Chris Kegel passed away this morning, surrounded by family and loved ones in his comfortable, but unassuming home on Milwaukee’s west side. Last September, Chris was diagnosed with a rare, advanced and fast-paced form of cancer that originates in the bile ducts which drain bile from the liver. His oncologist gave him three to six months to live without treatment and perhaps 11 months with. Chris accepted his fate with the same dignity and grace that he has demonstrated his entire life.
I think I can honestly say that I have Chris to thank for my life, both literally and figuratively. In 1992, Chris sold me my first adult bicycle at the old Hales Corners Wheel & Sprocket store on Forest Home Avenue. At the time I was a photojournalist covering all the Bucks, Brewers, Admirals and Marquette games for the wire services. After the games the other photographers and I would go out to shoot pool and have a few beers. I wasn’t getting drunk every night, but I was worried about the sheer odds of hurting someone accidentally since I was driving under the influence (even legally) so often. Not knowing anything about bikes, I went to Wheel & Sprocket where they helped me buy a Trek 820 mountain bike with slick tires, fenders, lights and a rear rack to get me from the games to the tavern and back to my studio. That started me on my life of commuting by bike.
When my more athletic friends heard I got a mountain bike, they tried to get me to go ride at the Kettle Moraine trails. At the time I was also smoking 2-3 packs of Vantage cigarettes a day and told them that was not what this bike was for. Eventually they got me out there and I loved it. I started riding more for fun, stopped smoking cigarettes, started racing, got a job building bicycles for Waterford Precision Cycles, and eventually started working for the Wisconsin Bike Fed.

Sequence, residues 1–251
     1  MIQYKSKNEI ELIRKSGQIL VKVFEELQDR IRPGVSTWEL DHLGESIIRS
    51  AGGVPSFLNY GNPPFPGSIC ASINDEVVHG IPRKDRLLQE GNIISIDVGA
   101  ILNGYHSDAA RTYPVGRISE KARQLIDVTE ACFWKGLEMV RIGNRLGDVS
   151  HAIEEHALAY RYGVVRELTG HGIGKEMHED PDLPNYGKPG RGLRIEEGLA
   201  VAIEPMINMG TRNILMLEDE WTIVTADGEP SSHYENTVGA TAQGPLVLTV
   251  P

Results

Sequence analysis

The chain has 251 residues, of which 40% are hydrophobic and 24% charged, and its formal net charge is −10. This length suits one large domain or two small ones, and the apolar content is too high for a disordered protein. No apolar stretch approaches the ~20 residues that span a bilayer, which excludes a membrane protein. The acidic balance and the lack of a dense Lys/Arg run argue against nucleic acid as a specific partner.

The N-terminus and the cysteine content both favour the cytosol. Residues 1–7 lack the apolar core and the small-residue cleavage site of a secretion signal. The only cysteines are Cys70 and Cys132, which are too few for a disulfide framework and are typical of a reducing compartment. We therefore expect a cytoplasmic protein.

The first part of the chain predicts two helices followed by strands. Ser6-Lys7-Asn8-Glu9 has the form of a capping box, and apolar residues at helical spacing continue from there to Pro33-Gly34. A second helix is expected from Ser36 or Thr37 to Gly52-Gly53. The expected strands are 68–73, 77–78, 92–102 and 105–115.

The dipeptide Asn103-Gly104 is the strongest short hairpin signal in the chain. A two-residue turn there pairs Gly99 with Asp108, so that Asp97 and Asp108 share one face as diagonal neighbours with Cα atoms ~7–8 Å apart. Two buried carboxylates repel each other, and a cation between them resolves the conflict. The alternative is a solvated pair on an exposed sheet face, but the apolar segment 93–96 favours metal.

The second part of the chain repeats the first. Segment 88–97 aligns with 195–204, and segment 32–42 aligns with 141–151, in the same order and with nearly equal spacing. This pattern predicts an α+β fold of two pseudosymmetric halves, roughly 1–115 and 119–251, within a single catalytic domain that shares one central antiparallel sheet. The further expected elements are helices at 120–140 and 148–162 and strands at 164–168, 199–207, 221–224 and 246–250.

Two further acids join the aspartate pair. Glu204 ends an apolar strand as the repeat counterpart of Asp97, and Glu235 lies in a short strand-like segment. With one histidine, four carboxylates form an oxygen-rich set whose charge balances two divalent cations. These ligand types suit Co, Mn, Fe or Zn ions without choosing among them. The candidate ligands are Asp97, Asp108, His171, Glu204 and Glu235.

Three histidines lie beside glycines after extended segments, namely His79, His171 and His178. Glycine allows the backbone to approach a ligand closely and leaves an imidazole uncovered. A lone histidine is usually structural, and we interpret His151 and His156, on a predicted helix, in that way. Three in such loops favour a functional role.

Not only did Chris and that white Trek 820 with the splatter paint put me on a healthier path, Chris has been my closest advisor in my bicycle advocacy work since I opened the doors for the Milwaukee office of the Bike Fed. While I was filled with desire to share my newfound passion for cycling and make my home Milwaukee a better place to live, I really knew nothing about bicycle advocacy when I was hired. So just like when I knew nothing about bikes and turned to Wheel & Sprocket, I turned to Chris when I didn’t know what to do at the Bike Fed.
Even though I lived and worked on the east side of Milwaukee, Chris never expressed surprise at the number of times I “happened to be riding by” his store in Hales Corners, just so I could lean on him. Chris was never too busy to talk to me.
I always left those conversations feeling good about whatever decision I had to make, but even more importantly, I left feeling more centered. If I was angry about something, Chris’ would help me see the other side of the issue. If I was worried, I left feeling confident. When I was tired, I left feeling renewed.
It wasn’t that Chris always had a simple solution to whatever problem I brought to him. In fact, we are still fighting many of the same battles today, despite all the new bike lanes and trails. No, in visit after visit, what Chris selflessly gave me was the confidence to follow my moral compass and by his example, hold a sustained faith in the power of hard work done with joy. In fact, I cannot think of anyone who has made hard work look so appealing as Chris Kegel.
What is even more amazing is that my story is hardly unique. I am just one of literally thousands of people from across the country who has benefitted from the unrivaled passion, endless patience, and genuine kindness Chris shared with all who met him.
So thank you Chris, for being the best you could be every day and encouraging the rest of us to do the same. In my future times of self-doubt, I hope the employees at Wheel don’t mind if I “happen to be riding by” and pop in the store in Hales Corners, even when I don’t have anything to buy.
Like a far away bright star, your light continues to shine and help guide us.